Friday, March 25, 2011

Easy As Pie...

Easy as pie.  Right?  I have heard that saying from the time I was knee high until now.  I find it a little ironic that making pie isn't really that easy.  It has taken me a lot of practice and patience over the years to finally get the skills necessary to produce edible pies.  I used to just buy them from the Schwan's man or Mrs. Smith.  That all changed when we had a bumper harvest of apples and I was engulfed by the multitude of apple baskets brimming with fruit.  Last night we found a 99 cent bag filled with apples begging to be used at the grocery store.  I knew what to do with those babies!



My Grandmother is an expert pie maker and I have watched her roll the dough and fill the pans for years.  I have watched her, but I still couldn't make a flaky crust or meringue.  When I decided there was no time like the present to learn, she was the first person I called.  My Grandma can do almost anything and I hoped she would be able to teach me pie.

I have used recipes that promise no fail crusts.  They call for eggs, vinegar, and more odd ingredients for a crust.  I still had a hard time rolling a crust so I could still finagle it into the pan.  Grandma pulled through with her basic pastry crust that probably has been the same for hundreds of years.  It's extremely simple-  maybe that's where the term easy as pie comes from. 

The trick Grandma filled me in on was to make sure you had enough water.  You may need to add more cold water than the recipe says.  It all depends on the weather and you can't roll a crust if it won't stay together.


Rolling out the dough is fairly simple.  You will want enough flour to coat the dough and prevent it from sticking to the table.  You will need to flip the dough over when it's small to keep it floured and pliable.  A trick I learned from Grandma is to roll in one direction.  This will keep the dough in a more circular shape.  As you can see from the photo above, I haven't mastered this yet. 

Now, you come to the tricky problem of getting your lovely thin crust into a pie pan.  I have ruined many a pie with cracks and breaks.  If the pie is just for family, I just press it into the pan and forget about it.  I know, Martha Stewart would be appalled by this blog.  Have no fear, Grandma has a trick for this!  You fold the circle in half, then quarters, and gently position into the pan.  Unfold the layers and Voila!  Grandma wouldn't say voila-  maybe "good job" fits her personality better.



The worst is now behind you.  Press the bottom crust against the plate to make sure there are no pockets of air or cracks in the dough.  If you want single crusts, put pie beads in the crust for baking.  Trim the excess off the edge and crimp your dough.  You would probably bake it in a hot oven at 400 degrees or higher for about 20 minutes.  Check your recipe.

I was planning on a double layer apple pie.  I use a pie bird to vent the steam from the inside of the pie.  You don't need a pie bird, it was just a gift from my mother and the kids get a kick out of having a blackbird in a pie.  It might come and get our noses-  you never know?  I put the pie bird in and fill my pie with the apples.  I gently press the sugary apples around to prevent gaps and then I add butter slices.  Remember the butter.  I tend to forget the butter and it makes a huge difference in the taste.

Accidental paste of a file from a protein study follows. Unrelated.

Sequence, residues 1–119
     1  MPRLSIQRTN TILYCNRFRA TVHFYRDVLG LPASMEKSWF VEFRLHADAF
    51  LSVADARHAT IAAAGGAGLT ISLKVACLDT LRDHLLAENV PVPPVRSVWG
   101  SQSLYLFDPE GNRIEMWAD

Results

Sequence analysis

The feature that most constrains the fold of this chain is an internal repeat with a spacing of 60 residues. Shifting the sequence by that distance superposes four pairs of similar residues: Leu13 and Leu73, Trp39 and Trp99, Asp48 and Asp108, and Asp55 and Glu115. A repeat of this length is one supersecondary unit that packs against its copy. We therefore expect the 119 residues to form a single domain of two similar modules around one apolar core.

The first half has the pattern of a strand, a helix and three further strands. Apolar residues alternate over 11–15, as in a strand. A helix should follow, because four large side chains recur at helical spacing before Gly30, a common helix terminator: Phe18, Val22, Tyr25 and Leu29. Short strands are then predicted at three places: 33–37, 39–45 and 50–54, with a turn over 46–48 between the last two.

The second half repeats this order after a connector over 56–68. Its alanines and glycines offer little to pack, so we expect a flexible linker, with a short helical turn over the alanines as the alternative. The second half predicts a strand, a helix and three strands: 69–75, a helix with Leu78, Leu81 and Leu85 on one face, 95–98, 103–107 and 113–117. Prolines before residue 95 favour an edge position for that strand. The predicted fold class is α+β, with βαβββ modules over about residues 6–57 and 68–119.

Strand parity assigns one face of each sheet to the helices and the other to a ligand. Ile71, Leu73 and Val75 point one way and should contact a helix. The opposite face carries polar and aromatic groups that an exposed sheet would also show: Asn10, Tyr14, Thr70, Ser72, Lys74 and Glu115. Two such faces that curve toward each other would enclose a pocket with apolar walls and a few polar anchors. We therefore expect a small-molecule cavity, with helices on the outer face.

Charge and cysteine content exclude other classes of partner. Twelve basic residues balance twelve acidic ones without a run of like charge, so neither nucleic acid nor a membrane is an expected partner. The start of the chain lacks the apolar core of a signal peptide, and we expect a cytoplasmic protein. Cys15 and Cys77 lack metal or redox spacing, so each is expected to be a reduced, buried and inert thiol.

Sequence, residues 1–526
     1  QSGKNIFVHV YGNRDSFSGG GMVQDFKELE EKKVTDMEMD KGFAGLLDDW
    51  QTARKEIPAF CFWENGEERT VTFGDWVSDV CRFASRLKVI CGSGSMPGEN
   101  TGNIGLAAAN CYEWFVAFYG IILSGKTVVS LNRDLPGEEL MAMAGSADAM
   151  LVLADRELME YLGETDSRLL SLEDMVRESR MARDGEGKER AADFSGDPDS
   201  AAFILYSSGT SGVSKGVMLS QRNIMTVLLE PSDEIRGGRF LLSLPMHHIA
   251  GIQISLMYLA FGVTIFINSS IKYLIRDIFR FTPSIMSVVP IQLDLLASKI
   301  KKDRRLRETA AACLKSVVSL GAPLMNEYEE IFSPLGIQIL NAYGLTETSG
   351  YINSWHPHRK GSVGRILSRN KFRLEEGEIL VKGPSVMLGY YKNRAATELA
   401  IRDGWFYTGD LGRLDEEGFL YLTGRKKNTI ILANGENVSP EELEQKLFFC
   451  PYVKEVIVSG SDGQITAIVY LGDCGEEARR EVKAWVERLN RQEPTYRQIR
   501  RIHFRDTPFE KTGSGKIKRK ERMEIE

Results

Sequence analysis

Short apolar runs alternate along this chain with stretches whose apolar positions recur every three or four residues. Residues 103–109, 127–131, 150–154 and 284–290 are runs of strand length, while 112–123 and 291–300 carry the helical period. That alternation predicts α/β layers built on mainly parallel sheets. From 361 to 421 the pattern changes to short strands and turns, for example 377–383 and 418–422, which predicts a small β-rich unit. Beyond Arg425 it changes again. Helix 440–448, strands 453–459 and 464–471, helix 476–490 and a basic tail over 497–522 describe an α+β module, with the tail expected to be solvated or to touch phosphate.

Finally, you roll out the top crust in the same manner as the bottom.  Fold it up, but before you transfer; take a knife and cut a few slits on the folds.  This will let the pie filling vent and my Grandma calls the marks "little birds".  Center the top crust over the filling and unfold.  Gently press the edges together and take a knife to trim the excess off.  I leave about a 1/2 inch around the diameter.  I fold it under and crimp the edges to seal in all the juices.


I have used several different washes for the top crust.  I have used beaten egg whites, milk, and even water.  The main thing is to get the crust moist enough to adhere sprinkled sugar and cinnamon on top.  Make sure you sprinkle a little extra into the crevices of the edges to make it as tasty as the whole pie.  I never promised that this was a low calorie endeavor.

Put your pie on a cookie sheet to catch any drips in case the pie does boil over.  You probably don't want to set off the fire alarms and have a mess to clean up.  Bake at 425 degrees for about 20 minutes and then turn down the heat to 350 degrees for another hour or so.  If the edges brown too fast, you can make a tinfoil cover to shield the edges from the heat.  Happy Eating!

Pie Crust Recipe:
2 cups of flour
3/4 cup butter/shortening (I prefer a combination of the two, but it doesn't matter as long as it's 3/4 c.)
4 Tablespoons cold water

Cut in the butter and shortening with the flour.  You can use a pastry cutter, but I prefer my hands.  When it's pea sized you add the water and mix until its a dough ball.  Happy rolling!

Apple Pie Filling

6 to 8 cups peeled and sliced apples
1 cup sugar
2 Tablespoons cinnamon
2 Tablespoons flour
4 teaspoons butter
*  I add a teaspoon of almond or vanilla to add a little something extra.  This is optional and not in my Grandma's recipe!

Pie might not be easy to make, but after a few practice rounds you will be able to roll good old fashioned pies even my Grandma would be proud of.  Pie making is a little difficult, but eating them isn't.  What's your favorite type of pie or shortcut?

3 comments:

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Angela said...

Looks good! I am terrible at making pie crust, so I always leave that to my mom! I am much better at cookies and cakes!

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